Nearly 30 years ago, when Donna Rabin Borenstein and her husband, Steven, were looking for a home, they had a few criteria in mind: four bedrooms, at least three bathrooms, and a quiet street. But there was also one additional feature they were really hoping for.
“We wanted to be on a cul-de-sac,” Borenstein, 59, says. “I wanted my children to be able to play outside with no traffic coming in.”
And that’s exactly what she got when her family moved into their Hewlett residence 28 years ago. Their home joins four others on the secluded street, a perfect play area for the neighborhood’s kids.
“Everyone was outside with their kids playing. People feel more comfortable with their kids playing on the circle,” says Borenstein, who sees the additional value of the homes as a real estate agent. “Cars don’t usually come into the cul-de-sac and you don’t have any traffic.”
Like picket fences and neatly manicured lawns, cul-de-sacs are a trademark of Long Island suburbia. While commonly referred to as dead-ends, which also only have one way in and out, cul-de-sacs are distinguished by their rounded end — hence their name, a French term that means “the bottom of the sack.”
Though now the delight of bike-riding children, these circular turnarounds date back to the 15th century, when they were used to entrap enemy soldiers in Athens and Rome. Fast-forward a few centuries to 1930, and cul-de-sacs became the rage in America once the Federal Housing Authority began promoting them as a solution to monotonous urban street grids.
And today, the community crescents remain just as popular — for both sellers and buyers. A study done in 1990 by Temple University credited cul-de-sacs as raising home values as much as 30 percent, while research done this year in Bakersfield by California State University revealed that living in a cul-de-sac increased home value by 5 percent, in addition to raising the value of homes next to a cul-de-sac by 7 percent.
“People will generally pay $15,000 to $20,000 more on the average, just because a house is on a cul-de-sac,” says Adolph Littlejohn, a Realtor with Hauppauge’s eXp Realty.
Lawrence Levy, vice president for economic development and the executive dean of the National Center for Suburban Studies at Hofstra University in Hempstead, notes that cul-de-sacs provide homeowners a sense of both inclusivity and exclusivity.
“The cul-de-sac is the closest thing to a gated community without a gate. The cul-de-sac creates a spirit of inclusivity, where you have a much better chance of getting to know your neighbor,” Levy says, adding that “because of the geometry of it, you’re separated from the rest of the neighborhood in a way that you aren’t on just a straight street.”
Those looking to buy a home on a cul-de-sac typically have children or are expecting them, says Littlejohn. And once they move in, it’ll be a while before they leave, he adds.
“People stay there a long time,” Littlejohn says. “There’s really no negative side to them.”
When a house went up for sale on the Huntington cul-de-sac Vj Hannemann, 47, grew up on, buying it was a “no brainer,” he says.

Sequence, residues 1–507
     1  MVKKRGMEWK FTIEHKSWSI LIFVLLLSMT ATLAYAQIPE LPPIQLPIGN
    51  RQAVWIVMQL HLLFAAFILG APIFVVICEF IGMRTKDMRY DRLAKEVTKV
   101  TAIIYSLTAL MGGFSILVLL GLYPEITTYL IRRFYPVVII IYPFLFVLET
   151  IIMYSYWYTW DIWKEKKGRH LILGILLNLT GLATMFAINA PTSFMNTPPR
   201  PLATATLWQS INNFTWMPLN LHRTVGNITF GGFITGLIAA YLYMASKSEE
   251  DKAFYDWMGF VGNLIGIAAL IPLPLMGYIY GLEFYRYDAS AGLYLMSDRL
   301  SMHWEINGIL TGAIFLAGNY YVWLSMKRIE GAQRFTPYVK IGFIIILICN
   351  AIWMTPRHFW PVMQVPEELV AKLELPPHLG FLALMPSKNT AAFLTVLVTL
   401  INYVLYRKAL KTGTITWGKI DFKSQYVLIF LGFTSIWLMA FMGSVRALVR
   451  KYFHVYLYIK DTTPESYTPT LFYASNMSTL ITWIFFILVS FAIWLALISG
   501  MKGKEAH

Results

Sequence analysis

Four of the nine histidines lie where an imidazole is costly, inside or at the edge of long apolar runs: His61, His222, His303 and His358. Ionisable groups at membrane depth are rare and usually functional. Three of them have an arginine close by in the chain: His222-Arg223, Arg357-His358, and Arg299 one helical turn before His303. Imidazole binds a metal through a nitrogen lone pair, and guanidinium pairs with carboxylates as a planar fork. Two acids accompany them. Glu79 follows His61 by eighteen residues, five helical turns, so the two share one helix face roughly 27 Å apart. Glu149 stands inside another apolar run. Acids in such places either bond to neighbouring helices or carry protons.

“I just had awesome memories of myself and all the neighborhood kids playing in it when I was young. It was like having your own private park,” says the teacher and father of two girls, ages 10 and 6. “Now my kids can play on the same cul-de-sac I did.”
Kendra Monahan, 40, an insurance broker, moved into a cul-de-sac in East Northport eight years ago, joining neighbors who had been on the street since the houses were built in the late 1960s.
“We didn’t know we wanted a cul-de-sac, we just wanted a quiet street. But we love the cul-de-sac now that we’ve been here,” Monahan says. “I feel like you get to know your neighbors better because everyone is right there and not out of sight.”
Effrain Reyes, 46, has lived on the edge of a cul-de-sac in Islandia for the last 42 years. Having grown up in the home he now lives in, he says he enjoys the privacy that the cul-de-sac provides. “There’s not a lot of cars going in and out. You can tell if there’s a car that doesn’t belong because everyone parks in their driveway,” says Reyes, a Long Island Rail Road conductor.
Making sure he knows who is in the neighborhood is especially important for the father of two, whose children go to the cul-de-sac at least four times a week to ride their bikes.
“It’s very quiet and safe. I don’t have to worry about my kids being outside,” he says.
The unique shape of the cul-de-sac also provides parents an advantageous vantage point.
“There was nowhere they could play that I couldn’t see them,” says Levy, who raised his kids on a cul-de-sac in Dix Hills for 10 years. “And there was no one on the cul-de-sac who didn’t belong there. If you see them, you know them.”
HOMES FOR SALE ON CUL-DE-SACS
This home on a cul-de-sac in Smithtown is listed for $519,000. It has five bedrooms and three bathrooms on a .5-acre lot. Annual property taxes are $13,475. Listing agent: Christine Stevens, Coldwell Banker Residential Brokerage, 631-863-9800
This Bayville home, once an inn around 1912, is listed for $899,000. It is on a cul-de-sac. The house has four bedrooms, three bathrooms and one half-bathroom and is on a .5-acre property. Annual property taxes are $13,681. Listing agents: Kimberly Bullis Byrd and Paul Dougherty, Daniel Gale Sotheby's International Realty, 631-427-6600
Located on a cul-de-sac, this Port Jefferson Station home listed for $389,000 has four bedrooms and two bathrooms. The house is on a .23-acre lot. Annual property taxes are $10,766. Listing agent: Sheryl Jenks, Douglas Elliman Real Estate, 631-589-8500